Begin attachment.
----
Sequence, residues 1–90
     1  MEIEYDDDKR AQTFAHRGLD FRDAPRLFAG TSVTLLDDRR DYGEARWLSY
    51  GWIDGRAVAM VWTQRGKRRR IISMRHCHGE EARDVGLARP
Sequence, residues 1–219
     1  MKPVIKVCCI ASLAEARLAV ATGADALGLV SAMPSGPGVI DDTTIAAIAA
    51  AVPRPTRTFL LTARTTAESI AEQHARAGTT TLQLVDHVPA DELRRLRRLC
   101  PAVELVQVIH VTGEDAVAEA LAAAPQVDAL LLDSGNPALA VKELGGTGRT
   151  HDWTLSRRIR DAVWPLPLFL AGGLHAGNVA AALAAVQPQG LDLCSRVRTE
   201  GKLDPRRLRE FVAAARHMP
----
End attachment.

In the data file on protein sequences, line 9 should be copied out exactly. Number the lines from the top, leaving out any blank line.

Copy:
   201  GKLDPRRLRE FVAAARHMP